Oct. 6th, 2017 is National Poetry Day in the UK (America celebrates Poetry Month in April so I may be back on this topic then). I don’t write poetry. You can see in this list of how-to-write-poetry tips why. In short, it requires too much thought for my brain–you have to put so much meaning into just a few words–but I follow several poets who I think are excellent. One is Audrey Dawn at Oldest Daughter and Red Headed Sister. Another, Andrew over at Andrew’s View of the Week, has these tips about writing poetry:
Sit in a quiet room and let the words come to you.
Stand in the noisy concert and let the rhythms of the music beat the words into you.
Listen to the babbling brook and write down all it says.
It’s all about the feeling
It’s about letting your emotions run wild
and then corral them in 12 lines.
It’s about explaining rocks to apples.
It’s about comparing nails to clouds.
It’s about seeing infinity in a glass of water.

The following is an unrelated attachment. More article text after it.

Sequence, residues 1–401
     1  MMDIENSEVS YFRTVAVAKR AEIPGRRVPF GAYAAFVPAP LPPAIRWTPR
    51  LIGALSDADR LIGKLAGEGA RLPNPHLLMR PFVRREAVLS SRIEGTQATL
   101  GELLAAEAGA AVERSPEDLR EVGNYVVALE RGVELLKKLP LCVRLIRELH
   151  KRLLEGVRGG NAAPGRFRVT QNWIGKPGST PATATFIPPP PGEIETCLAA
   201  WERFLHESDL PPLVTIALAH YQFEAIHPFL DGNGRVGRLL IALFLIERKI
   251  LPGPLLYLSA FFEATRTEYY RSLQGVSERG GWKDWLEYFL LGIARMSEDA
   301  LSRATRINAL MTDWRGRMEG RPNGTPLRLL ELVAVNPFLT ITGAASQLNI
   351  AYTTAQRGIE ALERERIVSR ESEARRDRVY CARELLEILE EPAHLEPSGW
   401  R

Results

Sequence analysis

If you write poetry on a computer or would like to share it with friends, here are some great sites you might like to visit (remember: I teach K-8 so my resources tend to focus on that age group):
- Classical Poems for Kids
- Crocodile’s Toothache–video of a Shel Silverstein poem
- Famous Children’s Poems
- Favorite Poem Project
- Glossary of Poetry Terms
- Kids Magnetic Poetry
- Magnetic Haiku poetry
- Poetry Engine—writes poem for you
- Poetry for Kids
- Poets reading their own poetry–from the National Archives
- Rhyming Dictionary–find words that rhyme for poetry
- Shel Silverstein’s poetry website
- TED: Why Poetry (video)
- Word Mover--create poetry using pieces of existing poems
If you’re an iPad person, try these:
- Diamante Poems
- Acrostic Poems (iPad, Android – Free)
- Poems by Heart From Penguin Classics (iPad – Free with in-app purchases)
- Shakespeare’s Sonnets (iPad – fee)
- POETRY From The Poetry Foundation (iPad, Android – Free)
- Haiku Poem (iPad, Android – Free)
- Word Mover app for iPad
What are you going to do to celebrate National Poetry Day?
Jacqui Murray is the author of the popular Building a Midshipman, the story of her daughter’s journey from high school to United States Naval Academy, and the thrillers, To Hunt a Sub and Twenty-four Days. She is also the author/editor of over a hundred books on integrating tech into education, adjunct professor of technology in education, webmaster for four blogs, an Amazon Vine Voice book reviewer, a columnist for TeachHUB, monthly contributor to Today’s Author and a freelance journalist on tech ed topics. You can find her books at her publisher’s website, Structured Learning.